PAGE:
oropharyngeal squamous cell carcinoma
Tuesday 7 September 2010
Oropharyngeal cancer; oropharyngeal carcinoma
Stage 0 (Carcinoma in Situ)
- In stage 0, abnormal cells are found in the lining of the oropharynx. These abnormal cells may become cancer and spread into nearby normal tissue. Stage 0 is also called carcinoma in situ.
In stage I, cancer has formed and is 2 centimeters or smaller and is found in the oropharynx only.
- In stage II, the cancer is larger than 2 centimeters but not larger than 4 centimeters and is found in the oropharynx only.
- Stage III - In stage III, the cancer is either:
- 4 centimeters or smaller; cancer has spread to one lymph node on the same side of the neck as the tumor and the lymph node is 3 centimeters or smaller;
- or larger than 4 centimeters or has spread to the epiglottis (the flap that covers the trachea during swallowing).
- Cancer may have spread to one lymph node on the same side of the neck as the tumor and the lymph node is 3 centimeters or smaller.
- In stage IVA, cancer:
- has spread to the larynx, front part of the roof of the mouth, lower jaw, or muscles that move the tongue or are used for chewing. Cancer may have spread to one lymph node on the same side of the neck as the tumor and the lymph node is 3 centimeters or smaller;
- or has spread to one lymph node on the same side of the neck as the tumor (the lymph node is larger than 3 centimeters but not larger than 6 centimeters) or to more than one lymph node anywhere in the neck (the lymph nodes are 6 centimeters or smaller), and one of the following is true:
- tumor in the oropharynx is any size and may have spread to the epiglottis (the flap that covers the trachea during swallowing); or
- tumor has spread to the larynx, front part of the roof of the mouth, lower jaw, or muscles that move the tongue or are used for chewing.
- In stage IVB, the tumor:
- surrounds the carotid artery or has spread to the muscle that opens the jaw, the bone attached to the muscles that move the jaw, nasopharynx, or base of the skull.
- Cancer may have spread to one or more lymph nodes which can be any size; or may be any size and has spread to one or more lymph nodes that are larger than 6 centimeters.
- In stage IVC, the tumor may be any size and has spread beyond the oropharynx to other parts of the body, such as the lung, bone, or liver.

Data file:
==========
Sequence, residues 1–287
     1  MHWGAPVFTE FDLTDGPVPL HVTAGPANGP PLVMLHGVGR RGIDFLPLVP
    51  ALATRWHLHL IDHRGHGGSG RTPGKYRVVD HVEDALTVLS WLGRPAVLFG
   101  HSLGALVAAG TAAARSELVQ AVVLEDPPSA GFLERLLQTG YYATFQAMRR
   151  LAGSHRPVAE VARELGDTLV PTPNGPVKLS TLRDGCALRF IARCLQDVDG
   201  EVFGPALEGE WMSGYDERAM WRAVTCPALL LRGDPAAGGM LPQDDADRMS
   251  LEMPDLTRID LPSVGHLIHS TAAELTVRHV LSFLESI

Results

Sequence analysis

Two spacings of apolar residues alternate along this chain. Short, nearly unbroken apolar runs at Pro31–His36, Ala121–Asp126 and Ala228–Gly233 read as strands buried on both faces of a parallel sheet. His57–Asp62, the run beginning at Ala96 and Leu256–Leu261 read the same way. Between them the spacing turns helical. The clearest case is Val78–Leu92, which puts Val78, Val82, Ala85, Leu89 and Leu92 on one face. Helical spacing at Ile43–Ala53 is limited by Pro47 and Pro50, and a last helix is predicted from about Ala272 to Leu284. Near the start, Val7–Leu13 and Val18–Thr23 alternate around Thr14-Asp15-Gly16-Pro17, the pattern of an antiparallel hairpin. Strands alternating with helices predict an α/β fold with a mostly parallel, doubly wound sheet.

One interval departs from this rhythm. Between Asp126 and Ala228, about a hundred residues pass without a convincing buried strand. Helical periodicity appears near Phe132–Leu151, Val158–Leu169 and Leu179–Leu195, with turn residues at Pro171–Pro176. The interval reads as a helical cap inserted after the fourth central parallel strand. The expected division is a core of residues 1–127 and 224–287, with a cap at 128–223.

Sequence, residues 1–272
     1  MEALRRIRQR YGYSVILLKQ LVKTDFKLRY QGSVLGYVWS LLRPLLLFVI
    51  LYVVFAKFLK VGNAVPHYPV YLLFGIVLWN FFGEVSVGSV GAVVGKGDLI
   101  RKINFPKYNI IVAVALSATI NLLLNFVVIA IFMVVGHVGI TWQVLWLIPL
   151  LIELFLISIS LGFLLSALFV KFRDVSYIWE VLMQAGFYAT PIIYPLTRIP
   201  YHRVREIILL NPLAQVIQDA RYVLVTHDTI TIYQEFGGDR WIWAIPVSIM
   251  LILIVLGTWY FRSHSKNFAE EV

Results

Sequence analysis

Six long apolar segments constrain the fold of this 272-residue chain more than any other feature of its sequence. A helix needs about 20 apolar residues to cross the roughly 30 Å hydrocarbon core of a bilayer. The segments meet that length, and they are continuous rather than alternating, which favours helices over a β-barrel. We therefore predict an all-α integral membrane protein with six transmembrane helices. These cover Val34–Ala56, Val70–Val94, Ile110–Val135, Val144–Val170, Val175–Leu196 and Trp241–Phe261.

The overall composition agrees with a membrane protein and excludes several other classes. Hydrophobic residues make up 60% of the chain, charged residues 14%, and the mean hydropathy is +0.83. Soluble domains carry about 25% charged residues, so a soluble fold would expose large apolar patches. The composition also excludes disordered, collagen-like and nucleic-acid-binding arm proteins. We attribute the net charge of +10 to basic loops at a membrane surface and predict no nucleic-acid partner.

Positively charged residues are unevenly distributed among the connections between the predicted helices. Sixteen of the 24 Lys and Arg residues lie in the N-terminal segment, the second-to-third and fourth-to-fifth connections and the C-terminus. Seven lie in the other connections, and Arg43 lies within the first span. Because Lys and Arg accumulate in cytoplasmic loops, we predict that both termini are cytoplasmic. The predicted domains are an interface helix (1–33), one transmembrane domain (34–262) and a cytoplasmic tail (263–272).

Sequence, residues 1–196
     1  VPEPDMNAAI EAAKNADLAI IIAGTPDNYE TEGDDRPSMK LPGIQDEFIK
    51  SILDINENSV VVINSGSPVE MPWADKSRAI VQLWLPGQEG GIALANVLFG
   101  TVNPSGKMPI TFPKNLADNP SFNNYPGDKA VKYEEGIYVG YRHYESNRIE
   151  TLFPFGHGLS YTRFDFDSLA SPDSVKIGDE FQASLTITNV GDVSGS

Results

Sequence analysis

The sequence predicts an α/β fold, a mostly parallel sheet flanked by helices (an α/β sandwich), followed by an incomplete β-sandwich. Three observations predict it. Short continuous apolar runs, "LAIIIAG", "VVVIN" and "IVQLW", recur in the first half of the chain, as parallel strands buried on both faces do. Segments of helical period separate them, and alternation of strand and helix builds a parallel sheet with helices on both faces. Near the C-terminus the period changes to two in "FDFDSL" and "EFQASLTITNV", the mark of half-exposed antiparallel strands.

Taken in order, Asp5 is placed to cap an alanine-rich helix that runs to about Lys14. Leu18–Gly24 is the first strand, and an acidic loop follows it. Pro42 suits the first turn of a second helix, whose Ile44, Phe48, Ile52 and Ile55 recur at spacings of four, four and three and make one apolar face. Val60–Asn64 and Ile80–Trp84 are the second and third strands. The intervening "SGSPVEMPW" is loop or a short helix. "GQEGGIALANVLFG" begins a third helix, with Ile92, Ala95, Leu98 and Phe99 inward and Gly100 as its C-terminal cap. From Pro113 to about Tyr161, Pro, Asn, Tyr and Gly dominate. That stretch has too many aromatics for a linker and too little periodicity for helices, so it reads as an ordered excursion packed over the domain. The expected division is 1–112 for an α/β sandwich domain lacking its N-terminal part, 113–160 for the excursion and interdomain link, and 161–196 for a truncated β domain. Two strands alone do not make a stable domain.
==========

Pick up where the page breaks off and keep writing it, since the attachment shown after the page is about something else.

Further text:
- Outcomes for p16 positive, HPV negative oropharyngeal SCC are not significantly different from p16 positive, HPV positive tumors and are significantly better than for p16 negative tumors.
- These results suggest that p16 immunohistochemistry alone is the best test to use for risk stratification in oropharyngeal SCC. (20588174)
HPV-associated oropharyngeal squamous cell carcinoma
p16+ oropharyngeal squamous cell carcinoma
Competing causes of death and medical comorbidities among patients with human papillomavirus-positive vs human papillomavirus-negative oropharyngeal carcinoma and impact on adherence to radiotherapy. Hess CB, Rash DL, Daly ME, Farwell DG, Bishop J, Vaughan AT, Wilson MD, Chen AM. JAMA Otolaryngol Head Neck Surg. 2014 Apr;140(4):312-6. doi : 10.1001/jamaoto.2013.6732 PMID: 24526276 (free)
Transcriptionally-active human papillomavirus is consistently retained in the distant metastases of primary oropharyngeal carcinomas. Mehrad M, Zhao H, Gao G, Wang X, Lewis JS Jr. Head Neck Pathol. 2014 Jun;8(2):157-63. doi : 10.1007/s12105-013-0509-1 PMID: 24271958 (Free)
Tumor cell anaplasia and multinucleation are predictors of disease recurrence in oropharyngeal squamous cell carcinoma, including among just the human papillomavirus-related cancers. Lewis JS Jr, Scantlebury JB, Luo J, Thorstad WL. Am J Surg Pathol. 2012 Jul;36(7):1036-46. PMID: 22743286
p16 positive oropharyngeal squamous cell carcinoma:an entity with a favorable prognosis regardless of tumor HPV status. Lewis JS Jr, Thorstad WL, Chernock RD, Haughey BH, Yip JH, Zhang Q, El-Mofty SK. Am J Surg Pathol. 2010 Aug;34(8):1088-96. PMID: 20588174